I'm not going to include the closing night film: Pom Wonderful Presents the Greatest Movie Ever Sold in this post, I actually first saw the film at a press screening through Philadelphia Film Society, who also set up the interview with director, Morgan Spurlock, so that post will be up on the PFS site and T & T later this week.

Here's the list of Cinefest film's that won awards and because I like to support film in Philly, I'd like to also acknowledge the sponsors who allow it all to take place:

Best Feature Film: Lapland Odyssey
Best Documentary Film: Project Nim
Best First Film: Kinyarwanda
Best Director: Azazel Jacobs for Terri
Best American Independent Film: Hamill
Festival of Independents Award: Calendar Girl
Best Feature Film: Cost of a Soul
Best Documentary Film: The Interrupters
Best Danger After Dark Film: Stake Land

Presenting Sponsors: Philadelphia Cinema Alliance, TLA Video, Visual Sound, Scrapple TV.
Official Sponsors: Positano Coast, DIVE, State of Pennsylvania, Wells Fargo, Pennsylvania Film Office, Pennsylvania Festivals.
Patron Sponsors: FilmThreat, PIFVA, TD Bank, The Trocadero, Opa, North Bowl.
In-Kind Sponsors: Bluecoat Gin, Glaceau/Smart Water/Vitamin Water Zero, independence Visitors Center, Barefoot Wine & Bubbles, Mexican Post, Smirnoff, National Mechanics, Triumph Brewery Company, The Legal Intelligencer, The Prime Rib, Stan Gym, 24/7 Comedy Radio, Lovash Restaurant.
Industry Sponsors: Sony Pictures Classics, Magnolia Pictures, Samuel Goldwyne, Screen Media Films, Mage Works Productions, Indomina Productions, Terry Hines & Associates, The Promotions Group Corporation, IFC Midnight, Allied Advertising.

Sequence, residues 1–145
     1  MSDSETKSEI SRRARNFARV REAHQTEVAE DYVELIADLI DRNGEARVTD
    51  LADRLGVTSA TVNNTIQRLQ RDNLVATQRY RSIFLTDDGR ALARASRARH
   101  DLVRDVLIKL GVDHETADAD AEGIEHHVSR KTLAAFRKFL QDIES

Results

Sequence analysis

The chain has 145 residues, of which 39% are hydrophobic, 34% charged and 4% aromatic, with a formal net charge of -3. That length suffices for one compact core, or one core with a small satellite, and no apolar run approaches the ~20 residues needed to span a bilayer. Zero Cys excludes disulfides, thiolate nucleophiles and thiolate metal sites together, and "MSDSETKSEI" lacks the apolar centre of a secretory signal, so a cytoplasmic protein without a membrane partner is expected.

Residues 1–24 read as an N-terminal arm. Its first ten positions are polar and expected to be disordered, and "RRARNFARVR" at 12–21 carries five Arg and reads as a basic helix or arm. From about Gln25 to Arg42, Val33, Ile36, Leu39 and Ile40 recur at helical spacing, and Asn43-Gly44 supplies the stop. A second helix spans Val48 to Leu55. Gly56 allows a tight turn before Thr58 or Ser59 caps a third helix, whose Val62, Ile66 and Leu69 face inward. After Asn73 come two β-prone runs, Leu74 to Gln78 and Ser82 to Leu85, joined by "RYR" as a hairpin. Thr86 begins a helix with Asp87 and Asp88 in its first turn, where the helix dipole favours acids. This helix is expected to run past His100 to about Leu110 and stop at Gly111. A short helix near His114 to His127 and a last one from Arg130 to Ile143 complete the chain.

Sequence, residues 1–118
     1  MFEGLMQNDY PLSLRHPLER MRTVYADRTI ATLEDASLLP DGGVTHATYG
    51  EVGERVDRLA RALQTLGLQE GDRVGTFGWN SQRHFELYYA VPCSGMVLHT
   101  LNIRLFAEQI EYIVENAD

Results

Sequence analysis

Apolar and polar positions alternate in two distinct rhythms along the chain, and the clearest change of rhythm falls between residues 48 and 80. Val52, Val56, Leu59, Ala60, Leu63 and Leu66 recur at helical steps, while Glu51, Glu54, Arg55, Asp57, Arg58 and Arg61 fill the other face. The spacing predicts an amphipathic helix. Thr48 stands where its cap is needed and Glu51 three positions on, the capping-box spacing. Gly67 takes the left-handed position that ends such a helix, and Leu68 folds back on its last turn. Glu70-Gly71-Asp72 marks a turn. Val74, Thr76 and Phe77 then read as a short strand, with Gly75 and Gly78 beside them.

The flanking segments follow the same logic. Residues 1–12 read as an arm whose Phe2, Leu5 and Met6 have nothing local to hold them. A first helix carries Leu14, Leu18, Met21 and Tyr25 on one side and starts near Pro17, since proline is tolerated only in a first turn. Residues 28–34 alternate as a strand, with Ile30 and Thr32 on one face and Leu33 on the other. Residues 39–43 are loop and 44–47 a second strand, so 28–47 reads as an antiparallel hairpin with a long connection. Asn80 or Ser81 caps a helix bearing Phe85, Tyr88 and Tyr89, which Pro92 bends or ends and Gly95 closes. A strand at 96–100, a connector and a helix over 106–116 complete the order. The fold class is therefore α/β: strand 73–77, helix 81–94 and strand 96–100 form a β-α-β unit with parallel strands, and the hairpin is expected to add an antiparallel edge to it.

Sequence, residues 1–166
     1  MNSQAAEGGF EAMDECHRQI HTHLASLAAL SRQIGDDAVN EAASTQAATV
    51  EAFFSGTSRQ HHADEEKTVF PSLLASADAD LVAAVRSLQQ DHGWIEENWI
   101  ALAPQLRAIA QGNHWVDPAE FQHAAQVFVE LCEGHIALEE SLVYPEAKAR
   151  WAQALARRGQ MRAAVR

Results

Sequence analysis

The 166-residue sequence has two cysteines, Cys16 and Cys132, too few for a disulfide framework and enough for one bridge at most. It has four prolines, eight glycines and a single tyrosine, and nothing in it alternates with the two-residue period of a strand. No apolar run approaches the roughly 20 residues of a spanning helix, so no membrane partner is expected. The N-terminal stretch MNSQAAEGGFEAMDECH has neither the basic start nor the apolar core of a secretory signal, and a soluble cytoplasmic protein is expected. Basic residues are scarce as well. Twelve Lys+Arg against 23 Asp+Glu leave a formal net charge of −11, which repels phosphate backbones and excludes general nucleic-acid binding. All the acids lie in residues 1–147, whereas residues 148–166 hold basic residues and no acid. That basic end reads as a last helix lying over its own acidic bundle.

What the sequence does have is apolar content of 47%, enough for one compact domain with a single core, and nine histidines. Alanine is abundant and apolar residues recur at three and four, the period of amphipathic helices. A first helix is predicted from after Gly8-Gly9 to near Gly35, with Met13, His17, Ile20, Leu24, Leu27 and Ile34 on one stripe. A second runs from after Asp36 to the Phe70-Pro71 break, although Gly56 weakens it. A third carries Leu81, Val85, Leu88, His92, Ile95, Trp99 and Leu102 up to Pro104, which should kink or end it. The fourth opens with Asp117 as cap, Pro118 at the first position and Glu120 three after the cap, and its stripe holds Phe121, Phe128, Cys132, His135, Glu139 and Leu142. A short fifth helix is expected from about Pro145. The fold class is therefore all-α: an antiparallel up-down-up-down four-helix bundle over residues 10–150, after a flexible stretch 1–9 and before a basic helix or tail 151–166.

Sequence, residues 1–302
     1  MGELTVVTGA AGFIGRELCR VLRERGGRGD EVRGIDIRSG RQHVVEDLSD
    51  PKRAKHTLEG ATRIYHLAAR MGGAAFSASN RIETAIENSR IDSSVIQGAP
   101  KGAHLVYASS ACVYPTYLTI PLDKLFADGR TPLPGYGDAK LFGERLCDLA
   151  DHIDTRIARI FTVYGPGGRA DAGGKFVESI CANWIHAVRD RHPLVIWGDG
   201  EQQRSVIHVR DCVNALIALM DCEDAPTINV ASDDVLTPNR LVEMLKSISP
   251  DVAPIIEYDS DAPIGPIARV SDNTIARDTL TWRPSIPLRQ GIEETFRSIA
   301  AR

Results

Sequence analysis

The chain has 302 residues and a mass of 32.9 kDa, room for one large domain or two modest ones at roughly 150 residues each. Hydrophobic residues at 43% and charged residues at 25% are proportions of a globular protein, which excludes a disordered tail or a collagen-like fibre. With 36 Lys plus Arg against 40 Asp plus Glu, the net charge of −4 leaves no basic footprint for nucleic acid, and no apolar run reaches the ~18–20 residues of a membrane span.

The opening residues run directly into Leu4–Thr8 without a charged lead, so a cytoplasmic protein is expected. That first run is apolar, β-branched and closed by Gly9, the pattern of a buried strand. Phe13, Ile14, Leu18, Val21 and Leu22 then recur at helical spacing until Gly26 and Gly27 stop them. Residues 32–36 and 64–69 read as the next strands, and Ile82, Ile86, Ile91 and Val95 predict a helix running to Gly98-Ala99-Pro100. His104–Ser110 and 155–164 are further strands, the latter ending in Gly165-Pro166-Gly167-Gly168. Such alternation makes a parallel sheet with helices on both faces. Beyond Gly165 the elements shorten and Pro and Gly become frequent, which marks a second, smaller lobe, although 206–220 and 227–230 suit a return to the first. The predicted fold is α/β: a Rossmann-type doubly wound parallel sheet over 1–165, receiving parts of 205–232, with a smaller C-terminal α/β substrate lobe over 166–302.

Community Sponsors: French-American Cultural Foundation, Bryn Mawr Film Institute, Philadelphia Asian American Film Festival, Philadelphia Jewish Film Festival, Arden Theatre Company, The Philadelphia Film Society, the Greater Philadelphia Film Office, City of Hope, Relache.

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Food n Film: CHEF

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...young Hassan, a soulful-eyed boy with lush, thick eye lashes, places his face into the sea urchin basket, and breathes in the exotic briny scent. He sticks his fingers into the aquatic ooze, takes it to his mouth and is transfixed by the taste. The vendor, oblivious to the thrusting arms of frenzied women, notices the boy and realizes he is the only one worthy of this oceanic prize; he is the one who can “truly taste.” ... READ MORE

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15 Top Food in Film Flicks

15 Top Food in Film Flicks
Cozy Quilt of Food Movies, we'll add more patches as T &T discovers more films where food plays the biggest "roll"

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Videographer Oliver Gallini 5 min short featuring organic-chemist-turned-chef, Townsend Wentz, who got his start at The Four Seasons Philadelphia.


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About This Blog

is about discovering what I find pleasing in screening & eating - in case you missed it, the name is a play on Tinseltown using the Tines of a Fork.

Feel free to send me info on a film or new restaurant you'd like me to highlight.

Will there ever be a cap on movie prices?

Will we one day pay $20 a pop?

Why don't we pay on a scale?

A crap movie like everything Adam Sandler has ever done should cost about $4.50.
Big action movies like"Lord of the Rings", "Iron Man," "Transformers" are worth $10.
Woody Allen movie or something like "Silver Linings Playbook" $6-$7.
A chick flick or light comedy $5.75 and most Indie Films $5.25.

You could even do it by seasons - all summer block busters from May to August - $10
Sept - November 15th $3.50 - $4
Back to $10 for Thanksgiving and Christmas etc...

Or you can do it by A Actors ($9 - $10), B Actors ($6 - $7) TV actors on the big screen ($3.50 - $4)

Surely I'm not the first person to realize this makes sense. Has it been voted on in the Motion Picture Industry and then vetoed? If so, why?